The pound touched three-week lows against the broadly stronger dollar on Wednesday after data showing that UK manufacturing activity grew more slowly than expected in February, but continued to show strong momentum.
GBP/USD touched lows of 1.2351, the weakest level since February 7 and was at 1.2376 at 09.56 GMT.
The Markit UK manufacturing purchasing managers' index eased to 54.6 from 55.7 in January, below forecasts for a reading of 55.6, but remained close to a two-and-a-half year high.
Rob Dobson, economist at survey compiler Markit, said the survey suggested manufacturing output could grow by as much as 1.5% in the first quarter.
"The big question remains as to whether robust growth can be sustained or whether it will continue to wane in the coming months," he said.
The report showed that there was a slight easing in inflationary pressures which had been rising in the wake of the steep drop in sterling following the June Brexit vote.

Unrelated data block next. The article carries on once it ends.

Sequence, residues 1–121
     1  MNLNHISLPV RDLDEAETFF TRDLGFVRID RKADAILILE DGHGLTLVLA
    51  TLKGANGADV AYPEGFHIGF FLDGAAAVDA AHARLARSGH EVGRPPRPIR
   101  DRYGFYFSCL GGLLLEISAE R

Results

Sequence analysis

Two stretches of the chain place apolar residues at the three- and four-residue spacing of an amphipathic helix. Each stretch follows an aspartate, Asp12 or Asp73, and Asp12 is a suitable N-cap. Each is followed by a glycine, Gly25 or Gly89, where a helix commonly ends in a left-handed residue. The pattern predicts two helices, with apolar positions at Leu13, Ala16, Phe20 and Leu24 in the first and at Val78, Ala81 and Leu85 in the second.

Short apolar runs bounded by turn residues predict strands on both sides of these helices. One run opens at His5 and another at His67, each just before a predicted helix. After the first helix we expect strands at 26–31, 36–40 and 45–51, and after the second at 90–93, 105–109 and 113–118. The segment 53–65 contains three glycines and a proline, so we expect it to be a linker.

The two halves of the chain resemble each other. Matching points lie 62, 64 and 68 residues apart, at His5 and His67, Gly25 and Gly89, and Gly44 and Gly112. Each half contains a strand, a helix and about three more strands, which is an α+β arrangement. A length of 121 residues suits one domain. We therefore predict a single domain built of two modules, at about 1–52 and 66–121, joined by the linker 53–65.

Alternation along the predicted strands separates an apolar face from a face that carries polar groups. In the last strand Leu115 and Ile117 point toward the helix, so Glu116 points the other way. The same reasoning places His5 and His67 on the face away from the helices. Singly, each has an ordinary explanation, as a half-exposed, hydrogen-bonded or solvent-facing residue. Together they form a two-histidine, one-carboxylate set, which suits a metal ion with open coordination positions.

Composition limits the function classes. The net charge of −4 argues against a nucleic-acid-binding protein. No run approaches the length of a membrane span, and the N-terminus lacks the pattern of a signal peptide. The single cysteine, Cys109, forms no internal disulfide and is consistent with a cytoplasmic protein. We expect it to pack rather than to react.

A separate report showed that UK consumers borrowed more in January than in the previous month but the rate of the increase slowed for a second month in a row, highlighting concerns over rising inflation.
Another report from the Bank of England showed that the number of mortgages for house purchase approved by lenders increased to 69,928 in January, the highest since February last year.
Sterling was higher against the euro, with EUR/GBP down 0.28% at 0.8518 as concerns over the prospects of a Brexit or Trump style shock result in France’s upcoming presidential election pressured the single currency.
Demand for the dollar continued to be underpinned as comments by Federal Reserve officials underlined expectations for a rate hike this month.
New York Fed President William Dudley said Tuesday that the case for tightening monetary policy "has become a lot more compelling".
Meanwhile, San Francisco Fed President John Williams said that a rate increase was very much on the table for serious consideration at the March meeting.
Fed fund futures are pricing in about a 70% chance of a rate hike in March, according to Investing.com’s Fed Rate Monitor Tool, up from around 25% at the start of the week. Odds of a May increase was seen at 74%, while June odds were at around 85%.
The remarks offset disappointment among investors after U.S. President Donald Trump’s speech to Congress offered few details on his plans for infrastructure spending and tax reforms.